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Windsor Chairmaking Process

Gradually, I have been taking and collecting pictures of the Windsor Chairmaking process. This section will continue to be a work in progress until the remaining steps have been filled in, but in the mean time I hope the descriptions here are helpful and interesting.

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Component preparation

In building a Windsor chair, several components are prepared separately then assembled into a completed chair. The separate components are the turnings, the spindles, the arms/bows/crests/, the seat shaping, and the final assembly.


turning a leg Turnings are made from dried blanks and can conform to a variety of patterns. Traditional woods used for turnings are hard maple, cherry, and birch. If you are a purist, certain turning styles should not be matched with certain types of chairs because they did not appear historically at the same time. Functionally, however, any style of turning can match any style of chair. See the various styles of turnings available at No Wood Unturned here.


splitting a log One of the processes that separates traditional chairmaking from factory chairmaking is depicted here. The material for the spindles, bent arms, bows, and crests is prepared differently that you might think. All of the material for making spindles and for the steam-bent parts is split from green logs... in this case a red oak log. The log is split (or rived) further and further until it eventually ends up the size of a blank for whatever part that is being made. The reason for taking this trouble is that the part will have straight grain running all the way through the part and will ultimately be much stronger than an equivalent sized part that is sawn. Also, parts which will be bent have much less chance of splitting when they are created in this way.
spokeshaving spindle spokeshave After rough shaping of the spindle blank with a drawkinfe, the final shaping is completed with a spokeshave. In the picture on the far left, the end of the spindle is being tapered to fit into a bow. The righthand photo shows my homemade spokeshave. The shave was made based on the information found here.
chairdevil chairdevil For the final shaping of the spindles, I use a homemade chairdevil. It is very similar to the chairdevil shown in Drew Langsner's book on chairmaking. Prior to assembly, a faceted tenon is cut on the bottom of the spindle - see assembly for details.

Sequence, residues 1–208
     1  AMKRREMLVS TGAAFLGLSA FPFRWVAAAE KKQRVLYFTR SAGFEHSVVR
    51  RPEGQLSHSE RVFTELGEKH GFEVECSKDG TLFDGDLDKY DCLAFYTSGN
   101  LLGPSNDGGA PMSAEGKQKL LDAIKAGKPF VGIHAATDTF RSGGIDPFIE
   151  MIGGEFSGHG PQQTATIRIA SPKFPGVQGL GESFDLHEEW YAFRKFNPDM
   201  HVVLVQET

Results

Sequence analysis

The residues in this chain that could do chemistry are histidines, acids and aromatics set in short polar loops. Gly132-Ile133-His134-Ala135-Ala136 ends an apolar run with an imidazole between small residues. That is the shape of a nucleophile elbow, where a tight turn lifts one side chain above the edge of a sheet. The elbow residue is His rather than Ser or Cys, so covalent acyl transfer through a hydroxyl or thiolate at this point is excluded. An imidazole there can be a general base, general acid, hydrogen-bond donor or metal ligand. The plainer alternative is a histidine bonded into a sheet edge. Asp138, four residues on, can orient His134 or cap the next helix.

Steam Bent Parts

Steam bending, whether for crests, arms, or bows, starts out the same as for the spindles. Parts are riven to rough shape from a suitable log... typically red oak, hickory, or ash. For crests, the parts are roughly shaped and if they are to be carved, the carving is completed prior to bending. For arms and bows, the parts are also roughly shaped before bending. Bending is accomplished by steaming the blanks, then "bending" them around an appropriately shaped form. Illustrations will be coming to this section.

Seat Shaping

The seat shaping starts by cutting out the general shape with a bowsaw or a bandsaw. Next the edge of the seat is shaped using a drawknife (left) and a spokeshave (right) shaping seat with a drawknife shaping seat with spokeshave
Here is the result of the rough shaping of the edge. The back of the seat is pretty much the final shape, the goal of the front edge shaping is primarily to separate the top and bottom with a nice shape. top of shaped seat edge bottom view of shaped seat edge
The next portion of seat shaping is to complete the saddling. This process is accomplished roughly at first using an adz (left) and a scorp (right). adzing the seat shape shaping the seat with a scorp

Seat shaping is completed by using a compass plane, a travisher, and a spokeshave. The gutter is carved using a veiner. (More photos to come here)

Final Chair Assembly

The general order of chair assembly is to bore the holes in the seat, ream the leg holes and install the under-carriage, ream holes for the upper part of the seat, install the upper seat parts.

tapered leg and matching joint Photo showing the taper at the top of the chair legs and also the joint where the end of the taper protrudes above the chair seat. After the top of the leg is trimmed close to the seat, the leg is split, and a wedge is driven into the leg. Notice how the wedge is slightly wider than the leg so that the tapered joint is "keyed" into the seat to eliminate the leg rotating.
facets on a spindle Photo showing how the spindles have facets cut into the tenons at their ends. The seat is made of a softer wood than the spindles. The tenons on the spindles are slightly larger than the holes. During final assembly of the chair, the tenons of the spindles are driven into the seat and slightly deform the seat, thus locking them into place

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